About Kling L. Anderson
Dr. Anderson assumed leadership of the Pasture Management program in the Department of Agronomy in 1938 and remained on the faculty at Kansas State University over the next 29 years, interrupted by two years absence to complete the requirements for his Ph.D. at the University of Nebraska and as a Fulbright Fellow to New Zealand. Anderson provided research that was extremely important to the ranching industry, not only in Kansas, but worldwide. His pioneering research on fire effects in grasslands served as a model for later research by many hundreds of researchers.
He, in concert with Soil Conservation Service personnel, developed the vegetation-soil relationship concept and published a landmark paper in 1955 that is still the basis for range site classification by governmental agencies throughout the nation. His impact was never more evident than recently, when grass varieties he developed were used extensively in the Federal Conservation Reserve Program. The basic recommendations for sowing those grasses were also contributed by Anderson.
His early research on stocking rate effects also was the springboard for later research by others that resulted in more efficient grazing systems for grasslands in the Great Plains. Few researchers have had such a lasting impact on the range management profession. That impact was imparted through more than 60 technical publications and 100+ popular articles concerning efficient use of rangelands.
In recognition for his outstanding professional achievements and the many ways in which he rendered service to the society, Anderson served on the Board of Directors and was elected a Fellow of the American Society of Agronomy. He was a charter member of the Society for Range Management, the 1972 recipient of the SRM Outstanding Achievement Award, and served as the president of the Kansas-Oklahoma section of that society. He also was selected as an Honorary member of the Soil Conservation Society of America. Further testament to his outstanding contributions was the American Grassland Council Merit Certificate for recognition of outstanding service to grassland agriculture.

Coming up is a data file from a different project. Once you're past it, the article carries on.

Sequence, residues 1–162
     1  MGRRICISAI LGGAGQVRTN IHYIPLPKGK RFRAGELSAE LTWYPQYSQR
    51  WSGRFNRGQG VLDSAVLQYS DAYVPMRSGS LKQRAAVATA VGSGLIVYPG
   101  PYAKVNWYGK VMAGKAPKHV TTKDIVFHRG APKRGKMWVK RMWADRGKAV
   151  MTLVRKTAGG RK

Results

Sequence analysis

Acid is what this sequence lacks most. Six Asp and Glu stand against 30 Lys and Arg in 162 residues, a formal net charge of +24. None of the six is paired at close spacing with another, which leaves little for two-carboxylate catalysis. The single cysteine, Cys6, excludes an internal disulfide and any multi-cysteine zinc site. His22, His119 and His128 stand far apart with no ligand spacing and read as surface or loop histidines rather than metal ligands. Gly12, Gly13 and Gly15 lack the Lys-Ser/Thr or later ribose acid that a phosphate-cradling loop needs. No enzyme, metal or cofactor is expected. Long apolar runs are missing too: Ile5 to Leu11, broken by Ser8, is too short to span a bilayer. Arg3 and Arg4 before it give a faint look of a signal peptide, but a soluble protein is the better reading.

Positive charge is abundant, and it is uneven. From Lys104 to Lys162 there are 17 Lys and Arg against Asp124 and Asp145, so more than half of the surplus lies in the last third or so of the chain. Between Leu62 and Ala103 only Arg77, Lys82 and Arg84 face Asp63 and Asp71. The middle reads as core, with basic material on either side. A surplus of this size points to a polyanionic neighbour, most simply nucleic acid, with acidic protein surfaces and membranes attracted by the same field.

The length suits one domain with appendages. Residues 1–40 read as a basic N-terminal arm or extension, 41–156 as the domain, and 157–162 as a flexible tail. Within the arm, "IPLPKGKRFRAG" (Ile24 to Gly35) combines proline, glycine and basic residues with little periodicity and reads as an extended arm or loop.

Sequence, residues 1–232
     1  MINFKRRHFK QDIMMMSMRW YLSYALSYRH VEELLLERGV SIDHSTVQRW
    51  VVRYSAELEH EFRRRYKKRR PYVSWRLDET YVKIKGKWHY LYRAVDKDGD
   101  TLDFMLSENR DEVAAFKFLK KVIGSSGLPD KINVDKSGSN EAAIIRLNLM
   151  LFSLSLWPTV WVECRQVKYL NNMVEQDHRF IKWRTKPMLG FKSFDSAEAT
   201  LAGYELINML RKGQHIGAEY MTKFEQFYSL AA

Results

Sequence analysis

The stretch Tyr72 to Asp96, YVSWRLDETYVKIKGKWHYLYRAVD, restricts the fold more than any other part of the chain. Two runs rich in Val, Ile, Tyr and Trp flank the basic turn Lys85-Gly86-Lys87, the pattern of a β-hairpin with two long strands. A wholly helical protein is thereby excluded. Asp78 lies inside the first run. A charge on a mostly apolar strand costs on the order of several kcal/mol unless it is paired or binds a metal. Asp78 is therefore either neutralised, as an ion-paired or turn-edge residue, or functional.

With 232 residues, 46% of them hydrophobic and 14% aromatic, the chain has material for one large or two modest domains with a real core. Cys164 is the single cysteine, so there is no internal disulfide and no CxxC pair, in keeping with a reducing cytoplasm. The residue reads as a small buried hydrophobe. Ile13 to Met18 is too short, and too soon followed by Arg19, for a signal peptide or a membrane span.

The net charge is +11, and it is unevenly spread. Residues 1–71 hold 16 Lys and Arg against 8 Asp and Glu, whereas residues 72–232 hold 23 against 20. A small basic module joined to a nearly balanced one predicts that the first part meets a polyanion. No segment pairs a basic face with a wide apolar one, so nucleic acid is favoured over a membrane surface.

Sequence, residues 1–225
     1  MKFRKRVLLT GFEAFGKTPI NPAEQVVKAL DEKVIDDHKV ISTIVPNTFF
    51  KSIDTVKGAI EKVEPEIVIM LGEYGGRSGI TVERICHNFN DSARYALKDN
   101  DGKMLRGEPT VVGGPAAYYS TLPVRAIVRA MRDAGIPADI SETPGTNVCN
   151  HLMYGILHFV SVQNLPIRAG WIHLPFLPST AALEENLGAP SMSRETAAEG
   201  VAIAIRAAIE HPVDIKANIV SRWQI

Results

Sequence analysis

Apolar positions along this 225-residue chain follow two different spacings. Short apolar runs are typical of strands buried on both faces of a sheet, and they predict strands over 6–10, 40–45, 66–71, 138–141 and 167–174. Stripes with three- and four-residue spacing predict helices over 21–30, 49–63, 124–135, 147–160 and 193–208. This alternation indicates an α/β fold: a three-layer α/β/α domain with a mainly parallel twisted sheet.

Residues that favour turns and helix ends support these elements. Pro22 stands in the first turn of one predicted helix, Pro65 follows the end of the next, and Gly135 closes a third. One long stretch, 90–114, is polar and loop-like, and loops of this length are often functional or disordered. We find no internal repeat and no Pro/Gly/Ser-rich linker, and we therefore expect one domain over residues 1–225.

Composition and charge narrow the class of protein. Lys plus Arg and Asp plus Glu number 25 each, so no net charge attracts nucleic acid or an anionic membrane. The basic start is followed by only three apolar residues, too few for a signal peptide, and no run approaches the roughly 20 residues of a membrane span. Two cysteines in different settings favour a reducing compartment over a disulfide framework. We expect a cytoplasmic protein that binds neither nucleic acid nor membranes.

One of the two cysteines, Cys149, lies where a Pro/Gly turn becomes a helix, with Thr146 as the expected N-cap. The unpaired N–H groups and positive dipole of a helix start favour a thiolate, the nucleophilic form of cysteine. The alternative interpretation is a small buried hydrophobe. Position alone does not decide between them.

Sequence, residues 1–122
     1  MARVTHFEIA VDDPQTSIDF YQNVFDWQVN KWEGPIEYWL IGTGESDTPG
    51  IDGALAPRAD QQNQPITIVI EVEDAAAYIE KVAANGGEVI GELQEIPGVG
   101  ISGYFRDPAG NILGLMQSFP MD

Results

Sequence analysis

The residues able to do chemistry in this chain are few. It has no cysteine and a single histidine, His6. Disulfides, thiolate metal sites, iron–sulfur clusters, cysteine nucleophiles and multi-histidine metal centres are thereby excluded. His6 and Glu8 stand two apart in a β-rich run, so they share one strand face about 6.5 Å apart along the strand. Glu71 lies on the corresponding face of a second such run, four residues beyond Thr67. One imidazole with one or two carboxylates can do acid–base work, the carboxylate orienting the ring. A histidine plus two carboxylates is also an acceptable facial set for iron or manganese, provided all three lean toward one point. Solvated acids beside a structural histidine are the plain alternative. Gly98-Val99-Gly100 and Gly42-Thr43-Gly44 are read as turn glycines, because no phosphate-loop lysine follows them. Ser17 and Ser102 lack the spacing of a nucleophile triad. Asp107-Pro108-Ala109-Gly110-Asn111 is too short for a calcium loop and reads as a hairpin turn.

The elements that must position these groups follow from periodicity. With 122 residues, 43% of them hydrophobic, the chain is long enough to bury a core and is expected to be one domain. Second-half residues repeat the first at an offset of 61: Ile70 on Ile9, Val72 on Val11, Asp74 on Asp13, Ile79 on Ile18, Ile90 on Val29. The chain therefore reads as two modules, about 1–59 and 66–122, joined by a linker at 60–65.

He also held memberships in the Ecological Society of America, Kansas Academy of Science, the Grassland Research Foundation, and the New Zealand Grassland Association. Perhaps, Dr. Anderson's greatest impact came when he served as a revered and friendly advisor to many undergraduate and graduate students. He was major advisor for 7 Ph.D. and 22 MS students. Those students have gone on to distinguish themselves in the range profession.
The excellence of his graduate studies effort was attested to by election by his peers as one of the first recipients of a Faculty Lectureship at Kansas State and his receiving the Gamma Sigma Delta Distinguished Service Award. He was elected to numerous honor societies, including Sigma XI, Phi Kappa Phi, Alpha Zeta, and Gamma Sigma Delta. Dr. Anderson had exemplary moral fiber and ideals. The term gentleman fit him well. When dealing with scientific or personal integrity, there were no compromises. His impact on the lives of those who were fortunate enough to have known him was profound and lasting. This Lectureship was established to commemorate and celebrate his achievements.